On Sunday after a lovely weekend, Scott and I thought we'd sneak down to the boat for three hours without kids and . . . remove the air conditioner, maybe the holding tank, fix the furling and strip . . . the wood. So I started hauling off venting, bits of insulation, and so on while Scott worked above decks. Then I went into the port aft cabin and saw WATER!!!!! INSIDE THE BOAT!!! So I rather calmly asked Scott if it was supposed to be there and of course he went white, ran wordlessly down below and flipped on the bilge pump. We started working on our manual pumps as well, water was up to the floorboards from bow to stern and after a couple of hours determined that the sea cock was flipped open a hair when he removed the air conditioning unit, allowing a small leak that allowed water in over a day and a half.
Now we have a very clean bilge. Scott observed while pumping madly that at least this hadn't happened while sailing in the Atlantic.
Great. One more thing to worry about.
Thursday, May 13, 2010
This is a photo from the original brochure to sell our boat, a Beneteau 38 First built in France in 1983. It was purchased by a VP at Ford who shipped it in a container to Detroit, where she stayed with just one other owner until we purchased her in 2006. So Messenger (formerly named Tempest) has only ever been in fresh water - a big bonus.
A lot of people have asked if we're actually staying on the boat. Yes. It's our home. We have a three-cabin layout - not a popular choice for most as most don't sail with their families. We need separate spaces with doors to close to keep sane. So, Scott and I have claimed the V-berth at the front. It has a separate hanging locker, shelves and almost enough foot space at the V for the two of us. Note the almost. Elizabeth has a double aft cabin which can be used as a guest cabin and she can move out to the salon. Reg has the other double aft cabin. Aidan takes the pilot berth above the main settee - kind of a bunk bed. Scott's mom made cool crew bags designed by our friends Art and Linda Alyea on AirFair that snap on to the teak walls at the foot of his pilot berth, giving him space for his things. We can sleep nine on board and have done so more than once. In fact, we've had more than nine, but that's another story.
We don't have a shower per se - we have one head with a hand-held shower. See earlier post about retrofitting that for our trip. (There's another roughed in a tiny cabin between the two aft cabins but no one seems to use it for that - it's storage).
We have a two burner propane stove and oven, a deep fridge with small freezer, hot and cold pressure water and an inverter (to plug in applicances). We need to improve water capacity, hopefully with a new larger water tank and our electrical system, hopefully with new golf cart-type batteries, and at least a wind or solar power generator or both.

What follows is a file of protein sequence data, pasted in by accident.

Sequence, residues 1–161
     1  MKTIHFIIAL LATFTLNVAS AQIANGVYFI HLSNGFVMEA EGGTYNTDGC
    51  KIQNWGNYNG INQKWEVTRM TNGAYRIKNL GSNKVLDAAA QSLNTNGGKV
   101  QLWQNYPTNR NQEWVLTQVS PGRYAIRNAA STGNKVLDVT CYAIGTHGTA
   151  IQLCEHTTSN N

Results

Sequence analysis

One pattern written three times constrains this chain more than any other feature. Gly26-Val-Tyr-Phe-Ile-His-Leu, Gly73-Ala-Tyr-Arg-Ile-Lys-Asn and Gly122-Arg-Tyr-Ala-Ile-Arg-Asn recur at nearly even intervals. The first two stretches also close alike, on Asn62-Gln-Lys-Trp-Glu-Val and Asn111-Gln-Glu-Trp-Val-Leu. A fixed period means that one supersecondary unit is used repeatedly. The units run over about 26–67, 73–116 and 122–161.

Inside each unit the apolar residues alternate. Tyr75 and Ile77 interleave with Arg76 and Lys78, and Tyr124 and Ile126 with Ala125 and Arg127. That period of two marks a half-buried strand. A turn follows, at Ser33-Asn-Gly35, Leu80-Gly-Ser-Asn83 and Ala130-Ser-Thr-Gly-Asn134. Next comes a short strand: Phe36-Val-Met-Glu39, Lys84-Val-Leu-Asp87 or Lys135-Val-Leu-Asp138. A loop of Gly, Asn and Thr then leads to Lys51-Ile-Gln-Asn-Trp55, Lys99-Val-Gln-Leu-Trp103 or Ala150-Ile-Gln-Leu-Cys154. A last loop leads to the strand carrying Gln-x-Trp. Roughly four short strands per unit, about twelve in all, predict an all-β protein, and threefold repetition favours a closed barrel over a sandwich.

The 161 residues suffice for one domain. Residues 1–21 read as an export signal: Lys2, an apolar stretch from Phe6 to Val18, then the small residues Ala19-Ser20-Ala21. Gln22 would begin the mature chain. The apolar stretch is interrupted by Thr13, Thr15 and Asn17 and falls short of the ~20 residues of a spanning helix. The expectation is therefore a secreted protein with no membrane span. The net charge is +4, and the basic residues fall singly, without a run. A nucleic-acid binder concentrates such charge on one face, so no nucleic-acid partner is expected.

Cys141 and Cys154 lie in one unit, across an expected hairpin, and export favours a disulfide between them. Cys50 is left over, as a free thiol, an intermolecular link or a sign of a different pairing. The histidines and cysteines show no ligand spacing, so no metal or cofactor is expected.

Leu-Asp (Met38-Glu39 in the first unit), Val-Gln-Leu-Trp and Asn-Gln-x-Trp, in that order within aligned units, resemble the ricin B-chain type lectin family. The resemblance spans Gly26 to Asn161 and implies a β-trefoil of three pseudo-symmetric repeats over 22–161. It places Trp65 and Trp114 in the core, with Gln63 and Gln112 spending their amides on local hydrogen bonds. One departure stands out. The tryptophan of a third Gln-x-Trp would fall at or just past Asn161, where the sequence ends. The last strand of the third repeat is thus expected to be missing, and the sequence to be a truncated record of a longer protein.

It's comfy, with a deep stainless steel double sink. We have a large table in the main salon - note the pic, but we also have a large cockpit table our friend Marc Fournier just repaired and made to look nearly new. We tend to entertain and live a great deal in the cockpit and are currently also debating whether or not to add a fixed bimini (awning) over the wheel in addition to the dodger.
It's surprising actually when we've been cruising for a week or two when you come back you realize how big your house really is and how little you really need to live comfortably.
If we can only find a way to fit a bathtub in, it would be perfect.
Wednesday, May 12, 2010
So we just got a quote for boat insurance for the duration of our trip from our broker. Right now our premiums are a reasonable $530. It's a lot more to insure for offshore. But here's the thing that gave me pause - our deductible from August 23 to Nov. 16 and again from May 31 to June 30 is $8,000 - due to possible damage from named wind storms, a.k.a. hurricanes. Yikes. Gives me the shivers just thinking about it. The deductible otherwise is $1,600. So on the advice of many, we plan to keep north of Norfolk, Virginia in the Cheasapeake until at least Nov. 1, then high tail it out of the deep South by June 1.
No perfect storms for me.
No perfect storms for me.
Friday, May 7, 2010
Half the fun of travelling is the planning. For us, travelling by water on a sailboat turned motorboat (our mast has to be down from Buffalo to Albany) through Upper New York State and the Hudson River presents some challenges and promises to also be a fantastic way to explore. We know for example, that at times on the Erie Barge Canal we may not have access to water or electricity. We can only go so many days without a shower and we start to offend, so we may have to resort to showers on the boat. Right now, that's kind of tricky. Messenger was built in the pre-shower-in-all-boats era in 1983.We have a hand-held shower in the head sink and a couple of solar showers. If it's chilly (it'll be September) or if we're in an area where there are lots of tourists or people in cars, it could be a bit awkward. We have to figure that one out. I'm thinking of lining the head with double-sided velco and sticking a shower curtain around the perimeter of the tiny head, sitting on the throne and using the hand-held for a quick refresher. We need to seal off the bilge pump drain and pump the grey water overboard with a small pump in the sump. We'll add that to the list. We may even need a separate, additional fresh water tank - not sure about that. Hmmmm.
But then, there's the promise of pastoral landscapes, kitchy shopping districts, and the beautiful Hudson River. This is a great spot for any kind of travel, you can check out the Erie Barge Canal website at http://www.nyscanals.gov/ and order a great manual for under $30.
After that, it's the Big Apple.